US-China trade war worse for tech business than COVID-19, says VMware's Asia boss

Buyers aren't super-keen to jump through geopolitical hoops

VMworld The US-China trade war has made more trouble for VMware's business in Asia than the COVID-19 pandemic, according to Duncan Hewett, Virtzilla's senior vice president and general manager for Asia Pacific & Japan (APJ).

Speaking to The Register as part of this year's virtual VMworld, Hewett said the trade war has caused "some challenges," and that "both sides" are contributing to the strife.

"The Chinese government is putting increased requirements on customers on how they choose tech," he said. "And the US government is asking for increased certifications that our products are not going to military end users. Both sides slow down the ability to adopt technology in a fast-growing market."

Hewett said VMware has not been asked to do anything beyond ensuring it adheres to published rules.

"We are just following the requirements on both sides," he said.

Alibaba Wuying Cloud PC

Alibaba wants to get you off the PC upgrade treadmill and into its cloud


VMWare CEO Pat Gelsinger is a member of America's National Security Telecommunications Advisory Committee, a position he was nominated to by President Trump. Perhaps he'll share Hewett's experiences at its next meeting on 6 October, although as that meeting's agenda [PDF] runs for all of 25 minutes and mentions only one item – deliberating and voting on the committee's "letter to the President on communications resiliency" – it may be tricky to sneak in VMware's experience.

But we digress. While the trade war has made life hard for VMware, it hasn't dented its overall performance. On its last earnings call the company said that the APJ and EMEA regions had displayed "a bit more strength" than the Americas and racked up results such as 30 per cent increase in bookings for the company's NSX network virtualization product.

Hewett also characterised VMware's cloud partnership with Alibaba as a "small installation to give customers an option to run in China". But he said VMware intends to expand the relationship as Alibaba Cloud expands its footprint to make it an option to rank with other VMware partners.

"The key is to provide customers with choice," he said. ®

Similar topics

Other stories you might like

  • UK Home Secretary delays Autonomy founder extradition decision to mid-December

    Could be a Christmas surprise in store from Priti Patel

    Autonomy Trial Autonomy founder Mike Lynch's pending extradition to the US has been kicked into the long grass again by the UK Home Office.

    Lynch is wanted in the US to stand trial on 17 charges of fraud and false accounting. He is alleged to have defrauded Hewlett Packard investors over the sale of British software firm Autonomy in 2011.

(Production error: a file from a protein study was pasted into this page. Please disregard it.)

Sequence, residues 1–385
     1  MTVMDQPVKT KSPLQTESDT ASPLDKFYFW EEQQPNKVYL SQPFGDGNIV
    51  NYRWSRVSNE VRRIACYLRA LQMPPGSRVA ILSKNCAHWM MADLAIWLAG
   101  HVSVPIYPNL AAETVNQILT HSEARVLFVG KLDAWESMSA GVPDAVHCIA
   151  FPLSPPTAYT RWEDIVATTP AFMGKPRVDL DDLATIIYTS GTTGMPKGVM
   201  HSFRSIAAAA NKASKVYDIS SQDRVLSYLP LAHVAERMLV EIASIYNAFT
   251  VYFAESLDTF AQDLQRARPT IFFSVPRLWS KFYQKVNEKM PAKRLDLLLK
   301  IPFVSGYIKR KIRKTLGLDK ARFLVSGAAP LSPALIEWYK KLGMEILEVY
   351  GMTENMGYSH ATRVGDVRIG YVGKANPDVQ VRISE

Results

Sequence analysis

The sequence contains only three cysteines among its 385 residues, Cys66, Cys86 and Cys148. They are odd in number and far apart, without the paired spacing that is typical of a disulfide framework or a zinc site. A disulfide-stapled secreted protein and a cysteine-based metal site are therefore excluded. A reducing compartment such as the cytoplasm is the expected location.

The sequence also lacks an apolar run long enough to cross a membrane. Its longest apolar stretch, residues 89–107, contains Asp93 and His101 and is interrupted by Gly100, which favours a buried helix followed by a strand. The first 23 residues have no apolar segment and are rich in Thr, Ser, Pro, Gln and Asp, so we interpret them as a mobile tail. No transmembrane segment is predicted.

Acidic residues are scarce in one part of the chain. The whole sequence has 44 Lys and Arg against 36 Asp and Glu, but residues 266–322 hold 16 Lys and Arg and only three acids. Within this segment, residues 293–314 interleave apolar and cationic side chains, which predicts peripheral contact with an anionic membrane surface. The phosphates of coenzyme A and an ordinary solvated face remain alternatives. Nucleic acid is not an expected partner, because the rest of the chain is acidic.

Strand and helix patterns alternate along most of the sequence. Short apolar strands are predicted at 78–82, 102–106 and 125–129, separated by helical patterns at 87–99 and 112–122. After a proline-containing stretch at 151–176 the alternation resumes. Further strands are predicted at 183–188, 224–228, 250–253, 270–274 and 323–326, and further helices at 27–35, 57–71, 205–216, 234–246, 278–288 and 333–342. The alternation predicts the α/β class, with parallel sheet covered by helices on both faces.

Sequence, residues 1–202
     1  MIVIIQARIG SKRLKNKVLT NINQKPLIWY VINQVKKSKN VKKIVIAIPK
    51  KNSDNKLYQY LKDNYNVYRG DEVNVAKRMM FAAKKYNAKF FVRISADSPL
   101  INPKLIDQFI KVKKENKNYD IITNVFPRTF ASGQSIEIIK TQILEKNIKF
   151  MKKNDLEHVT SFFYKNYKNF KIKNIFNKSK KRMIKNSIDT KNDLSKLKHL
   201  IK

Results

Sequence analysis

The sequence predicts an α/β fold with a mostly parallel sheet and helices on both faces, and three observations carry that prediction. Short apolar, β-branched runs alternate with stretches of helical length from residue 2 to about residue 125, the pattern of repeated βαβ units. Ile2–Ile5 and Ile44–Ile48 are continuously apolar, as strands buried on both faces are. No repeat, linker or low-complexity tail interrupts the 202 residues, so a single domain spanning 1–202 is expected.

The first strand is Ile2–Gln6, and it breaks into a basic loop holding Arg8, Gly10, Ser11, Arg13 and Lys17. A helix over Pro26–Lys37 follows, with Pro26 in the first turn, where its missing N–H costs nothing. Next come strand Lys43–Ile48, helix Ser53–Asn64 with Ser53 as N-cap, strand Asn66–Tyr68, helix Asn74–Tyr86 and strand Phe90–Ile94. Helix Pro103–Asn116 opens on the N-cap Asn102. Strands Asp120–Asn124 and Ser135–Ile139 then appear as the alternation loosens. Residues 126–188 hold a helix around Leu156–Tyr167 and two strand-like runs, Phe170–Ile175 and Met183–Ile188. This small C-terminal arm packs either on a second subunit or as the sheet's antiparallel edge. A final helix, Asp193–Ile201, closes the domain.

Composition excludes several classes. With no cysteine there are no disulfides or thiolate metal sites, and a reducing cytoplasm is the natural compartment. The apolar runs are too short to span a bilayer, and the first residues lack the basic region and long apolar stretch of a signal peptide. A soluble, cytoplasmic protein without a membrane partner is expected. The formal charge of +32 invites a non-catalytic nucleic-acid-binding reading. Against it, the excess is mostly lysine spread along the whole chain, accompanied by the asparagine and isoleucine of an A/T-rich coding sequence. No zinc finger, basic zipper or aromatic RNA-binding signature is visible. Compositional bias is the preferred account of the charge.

Continue reading
  • Want to buy your own piece of the Pi? No 'urgency' says Upton of the listing rumours

    A British success story... what happens next?

    Industry talk is continuing to circulate regarding a possible public listing of the UK makers of the diminutive Raspberry Pi computer.

    Over the weekend, The Telegraph reported that a spring listing could be in the offing, with a valuation of more than £370m.

    Pi boss, Eben Upton, described the newspaper's article as "interesting" in an email to The Register today, before repeating that "we're always looking at ways to fund the future growth of the business, but the $45m we raised in September has taken some of the urgency out of that."

    Continue reading
  • All change at JetBrains: Remote development now, new IDE previewed

    Security, collaboration, flexible working: Fleet does it all apparently

    JetBrains has introduced remote development for its range of IDEs as well as previewing a new IDE called Fleet, which will form the basis for fresh tools covering all major programming languages.

    JetBrains has a core IDE used for the IntelliJ IDEA Java tool as well other IDEs such as Android Studio, the official programming environment for Google Android, PyCharm for Python, Rider for C#, and so on. The IDEs run on the Java virtual machine (JVM) and are coded using Java and Kotlin, the latter being primarily a JVM language but with options for compiling to JavaScript or native code.

    Fleet is "both an IDE and a lightweight code editor," said the company in its product announcement, suggesting perhaps that it is feeling some pressure from the success of Microsoft's Visual Studio Code, which is an extensible code editor. Initial language support is for Java, Kotlin, Go, Python, Rust, and JavaScript, though other languages such as C# will follow. Again like VS Code, Fleet can run on a local machine or on a remote server. The new IDE uses technology developed for IntelliJ such as its code-processing engine for features such as code completion and refactoring.

    Continue reading

Biting the hand that feeds IT © 1998–2021